Today, we will be previewing the SEC.

MORE: 2014-2015 Season Preview Coverage | Conference Previews | Preview Schedule

Life is pretty good for Kasey Hill these days.

On Friday night at 6:00 p.m., he’ll be the starting point guard for No. 7 Florida as the Gators kick off their season at the O’Connell Center against William & Mary. Still just a sophomore, Hill is a former McDonald’s All-American playing for the best basketball program in his home state. He’s one year removed from playing in a Final Four, and if he doesn’t end up as an NBA player down the road, he’ll have to settle for getting a free education while competing for SEC championships and national titles these next three years.

Things could be a lot worse, which, unfortunately, is a fact that Hill is well aware of. If it wasn’t for the Simmons family (Jeff, Jennie and their two kids) … well, that’s something that Hill would rather not dwell on.

“I don’t know [where I’d be]. That’s tough,” Hill told NBCSports.com earlier this month. “I definitely wouldn’t be where I am today if it wasn’t for them helping me out.”

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The move happened when Kasey was in fifth grade, but if we’re being honest, it probably started when he was about half that age.

“My wife loved him since he was six, he just had that personality about him,” Jeff Simmons said of Kasey. “He was just a great kid.” Jeff is the father of Kyle, a boy about Kasey’s age that grew up in the same part of Florida as Hill. The two were teammates in flag football and YMCA basketball leagues. Jeff? He coached the teams.

source:
AP

As a coach that doubled as the best friend’s father, it didn’t take long for Jeff to realize that Kasey’s living situation was less than ideal. He would spend the weekends with the Simmons family, getting rides to and from their Saturday flag football games, rides that were as much about the transportation as they were a chance to simply enjoy each other’s company.

Eventually, however, it became clear that this setup was no longer going to work for Kasey. This is what we know: Kasey’s father was in prison at the time, and he’s still in prison now. Kasey declined discussing the reason why. Around the time that he turned 11, Kasey’s mother began having difficulties in her life that made it hard for her to raise her son on her own. Again, Kasey — and Jeff — declined to go into specifics regarding what changed, but what they both told NBCSports.com is that it became very clear that it would be in Hill’s best interest to move in with the Simmons.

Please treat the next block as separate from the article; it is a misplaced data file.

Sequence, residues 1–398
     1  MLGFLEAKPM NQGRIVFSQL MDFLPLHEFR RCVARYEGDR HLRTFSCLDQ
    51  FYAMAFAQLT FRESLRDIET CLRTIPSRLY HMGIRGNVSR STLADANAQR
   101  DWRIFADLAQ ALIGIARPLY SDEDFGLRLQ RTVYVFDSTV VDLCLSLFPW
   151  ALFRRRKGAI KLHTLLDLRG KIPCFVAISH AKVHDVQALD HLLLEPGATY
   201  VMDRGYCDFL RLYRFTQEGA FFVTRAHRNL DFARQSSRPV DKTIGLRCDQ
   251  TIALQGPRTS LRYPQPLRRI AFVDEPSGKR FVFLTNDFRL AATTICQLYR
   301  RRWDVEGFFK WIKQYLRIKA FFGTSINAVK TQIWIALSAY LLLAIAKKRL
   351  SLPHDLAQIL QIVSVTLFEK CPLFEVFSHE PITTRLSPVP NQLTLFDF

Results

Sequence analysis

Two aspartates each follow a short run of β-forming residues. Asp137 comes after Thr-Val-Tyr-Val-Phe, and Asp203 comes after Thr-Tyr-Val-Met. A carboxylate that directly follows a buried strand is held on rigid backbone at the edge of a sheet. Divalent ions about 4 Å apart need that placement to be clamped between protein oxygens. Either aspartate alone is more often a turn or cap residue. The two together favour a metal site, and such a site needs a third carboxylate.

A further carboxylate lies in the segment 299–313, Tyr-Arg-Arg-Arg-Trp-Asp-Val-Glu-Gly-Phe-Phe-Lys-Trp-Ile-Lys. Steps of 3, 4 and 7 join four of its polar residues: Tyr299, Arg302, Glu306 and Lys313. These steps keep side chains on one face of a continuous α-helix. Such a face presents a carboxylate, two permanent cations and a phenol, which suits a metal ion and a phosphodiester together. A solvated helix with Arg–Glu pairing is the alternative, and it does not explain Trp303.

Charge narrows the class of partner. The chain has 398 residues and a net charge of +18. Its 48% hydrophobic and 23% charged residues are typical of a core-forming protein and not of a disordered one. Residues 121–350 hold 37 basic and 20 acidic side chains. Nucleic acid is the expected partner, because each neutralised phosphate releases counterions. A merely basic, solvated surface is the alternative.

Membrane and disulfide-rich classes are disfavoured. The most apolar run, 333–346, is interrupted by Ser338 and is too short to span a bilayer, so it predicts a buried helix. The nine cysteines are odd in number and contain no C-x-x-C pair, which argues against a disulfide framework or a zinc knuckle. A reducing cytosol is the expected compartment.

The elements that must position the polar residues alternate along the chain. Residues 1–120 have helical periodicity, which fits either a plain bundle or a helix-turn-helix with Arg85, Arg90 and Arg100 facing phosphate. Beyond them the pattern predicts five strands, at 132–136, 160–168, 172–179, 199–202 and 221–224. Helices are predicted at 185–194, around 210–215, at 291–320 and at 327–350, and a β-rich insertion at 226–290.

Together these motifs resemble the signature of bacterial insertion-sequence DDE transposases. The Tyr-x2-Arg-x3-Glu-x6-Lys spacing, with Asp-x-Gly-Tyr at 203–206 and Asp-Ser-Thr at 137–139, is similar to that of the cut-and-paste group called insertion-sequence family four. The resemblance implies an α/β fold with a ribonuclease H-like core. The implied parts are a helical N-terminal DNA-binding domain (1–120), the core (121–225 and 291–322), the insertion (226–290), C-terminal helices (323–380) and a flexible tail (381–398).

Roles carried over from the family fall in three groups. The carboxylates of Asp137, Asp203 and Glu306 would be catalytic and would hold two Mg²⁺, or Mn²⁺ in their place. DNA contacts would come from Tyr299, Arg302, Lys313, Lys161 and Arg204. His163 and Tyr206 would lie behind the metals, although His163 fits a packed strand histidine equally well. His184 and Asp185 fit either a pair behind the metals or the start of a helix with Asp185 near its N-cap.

“It was a mutual agreement between my wife and I, his mom, and Kasey,” Jeff said. “We thought it would be a better environment for him at that time. He kind of felt at home.”

There was never a second thought.

“It was really never a decision that we swayed back and forth on,” he added. “It was kind of an immediate thing: Let’s take him in.”

Bringing another child into a household is not a decision that gets made lightly. Kids aren’t cheap to raise. They certainly aren’t easy to get through high school and to college, and that’s before you even consider how much the dynamic of a household can change by bringing in another kid that is getting ready to hit adolescence.

And the Simmons, they had no idea whether this was a situation where Kasey would be staying with them for a week or a month or, as it turns out, the rest of his childhood.

That’s not even the strangest dynamic at play here. The Simmons are white. Kasey is black. They lived in Eustis, a town of about 15,000 in central Florida, 45 minutes north of Orlando and 90 minutes south of Gainesville. That’s not exactly the most progressive region of our country.

“We’ve always raised our kids where we don’t really see color, but there’s always some looks that you’ll get,” Jeff said. “But I coached basketball, and most of our kids were African-American, so we got those looks everywhere we went. It’s just part of life.”

Here’s the most beautiful part of the story: it worked! All of it. Kasey and Kyle shared a room growing up. They both played the role of over-protective big brother for the fourth member of the Simmons clan, Samantha. During our conversation, Kasey repeatedly referred to the Simmons as family. Jeff affectionately refers to Kasey as “my boy”, saying that he has three kids, “two biological, and Kasey”.

“I don’t think there’s ever been one argument between him and either of my kids,” Jeff said. “Honestly. Never.”

Perhaps more important is the fact that Kasey’s relationship with his biological family remains as strong as ever. He talks to his mom on the phone daily. He talks to his father whenever the calls from prison get through. He wouldn’t commit to Florida until head coach Billy Donovan met and spent time with his mom and his grandmother.